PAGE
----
The FCA has said that it will be monitoring the relevant legislative developments and it will reflect those in subsequent consultations, where required.
Certain firms under the regime known as “small and non-interconnected investment firms” or SNIs benefit from additional proportionality and have less onerous prudential obligations, as well as reporting, disclosure and remuneration requirements. Table 2 in paragraph 2.10 in the FCA’s CP sets out the threshold tests, based on financial criteria, to be considered an SNI firm and figure 1 in paragraph 2.12 provides a useful flowchart. We suggest checking those charts to determine your likely status.
The SNI test is not a static or one-off test and is not based on activity type; a current exempt CAD firm, for example, will not necessarily be treated as an SNI. A firm which is not an SNI but subsequently becomes one will need to meet the conditions for a period of six months on a continuous basis in order to be treated as an SNI under the regime. This is explained in paragraph 2.13 of the CP.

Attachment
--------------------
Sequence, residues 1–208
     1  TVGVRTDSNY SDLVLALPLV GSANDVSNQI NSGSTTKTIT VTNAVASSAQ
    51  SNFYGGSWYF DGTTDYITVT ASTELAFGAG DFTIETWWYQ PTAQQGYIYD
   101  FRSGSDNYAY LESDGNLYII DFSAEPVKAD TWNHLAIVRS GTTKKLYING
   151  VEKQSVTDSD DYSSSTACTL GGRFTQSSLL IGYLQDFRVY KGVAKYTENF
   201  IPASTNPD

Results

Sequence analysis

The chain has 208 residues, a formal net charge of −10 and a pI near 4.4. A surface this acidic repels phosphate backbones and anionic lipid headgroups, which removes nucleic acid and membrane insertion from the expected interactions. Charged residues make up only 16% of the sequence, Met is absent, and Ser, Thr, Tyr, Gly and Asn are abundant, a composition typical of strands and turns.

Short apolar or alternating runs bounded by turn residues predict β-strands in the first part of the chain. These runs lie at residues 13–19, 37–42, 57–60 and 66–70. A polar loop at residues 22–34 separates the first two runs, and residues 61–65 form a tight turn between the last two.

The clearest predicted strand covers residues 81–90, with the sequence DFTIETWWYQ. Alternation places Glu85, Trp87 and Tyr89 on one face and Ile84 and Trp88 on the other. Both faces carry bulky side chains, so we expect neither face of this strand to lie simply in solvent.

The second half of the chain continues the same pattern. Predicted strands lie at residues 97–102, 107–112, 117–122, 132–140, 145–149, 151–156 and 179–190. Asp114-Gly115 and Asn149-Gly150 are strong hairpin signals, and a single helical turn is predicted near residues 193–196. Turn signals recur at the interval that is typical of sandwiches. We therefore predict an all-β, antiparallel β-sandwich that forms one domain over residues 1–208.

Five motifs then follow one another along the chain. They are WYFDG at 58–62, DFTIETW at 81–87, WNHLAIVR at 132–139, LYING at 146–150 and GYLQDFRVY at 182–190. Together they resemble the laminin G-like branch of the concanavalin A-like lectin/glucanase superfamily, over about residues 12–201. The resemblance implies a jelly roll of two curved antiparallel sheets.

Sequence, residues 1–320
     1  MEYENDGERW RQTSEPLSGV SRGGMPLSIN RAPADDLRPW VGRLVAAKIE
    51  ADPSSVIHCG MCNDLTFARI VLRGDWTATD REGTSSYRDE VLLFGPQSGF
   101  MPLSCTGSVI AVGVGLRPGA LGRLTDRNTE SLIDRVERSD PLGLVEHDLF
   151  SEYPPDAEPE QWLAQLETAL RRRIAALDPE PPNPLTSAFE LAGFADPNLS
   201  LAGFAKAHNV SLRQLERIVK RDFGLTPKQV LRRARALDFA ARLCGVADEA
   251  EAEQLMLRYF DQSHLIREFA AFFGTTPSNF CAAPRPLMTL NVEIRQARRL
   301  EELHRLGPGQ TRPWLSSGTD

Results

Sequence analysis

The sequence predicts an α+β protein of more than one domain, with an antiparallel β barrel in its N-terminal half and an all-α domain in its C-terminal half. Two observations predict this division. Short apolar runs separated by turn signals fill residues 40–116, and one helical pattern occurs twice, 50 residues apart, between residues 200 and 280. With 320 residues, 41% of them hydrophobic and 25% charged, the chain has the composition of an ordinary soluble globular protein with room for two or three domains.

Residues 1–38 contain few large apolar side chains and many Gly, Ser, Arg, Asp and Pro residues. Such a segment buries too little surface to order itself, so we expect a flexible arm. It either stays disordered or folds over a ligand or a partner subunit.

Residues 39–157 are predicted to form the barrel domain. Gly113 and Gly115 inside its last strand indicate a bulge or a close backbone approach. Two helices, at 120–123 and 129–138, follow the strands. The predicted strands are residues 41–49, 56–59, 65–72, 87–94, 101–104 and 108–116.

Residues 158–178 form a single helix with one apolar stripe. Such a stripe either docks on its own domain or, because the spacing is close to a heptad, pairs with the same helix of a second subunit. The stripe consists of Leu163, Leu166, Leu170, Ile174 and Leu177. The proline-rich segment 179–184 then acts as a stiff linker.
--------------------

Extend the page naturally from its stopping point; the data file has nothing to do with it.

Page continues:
You can also find a quick summary guide of the difference between being an investment firm under IFD/IFR and an SNI firm in the table in 3.31 of the DP.
Please refer to the question above, "We’re not an investment firm, do we need to worry about whether these new rules will be applied to us?" which explains the position for CPMIs at the current time of writing.
This depends on whether you are an SNI firm or non-SNI. The difference is explained in the answer to the "I’m an investment firm but only a small one, and our activities are very low risk, will I be excluded from the most onerous parts of the regime?" question above.
If you are non-SNI, your initial capital requirement will be the higher of the fixed overhead requirement (FOR), the permanent minimum requirement (PMR) and the K factor requirement (KFR). If you are SNI, then your capital requirements will be the higher of the FOR and the PMR.
- The PMR is basically the initial capital as described above.
- The FOR is expected to be one quarter of the fixed overheads for the previous financial year, although the details for calculation are not covered in the CP and the FCA will address this in its subsequent consultation papers.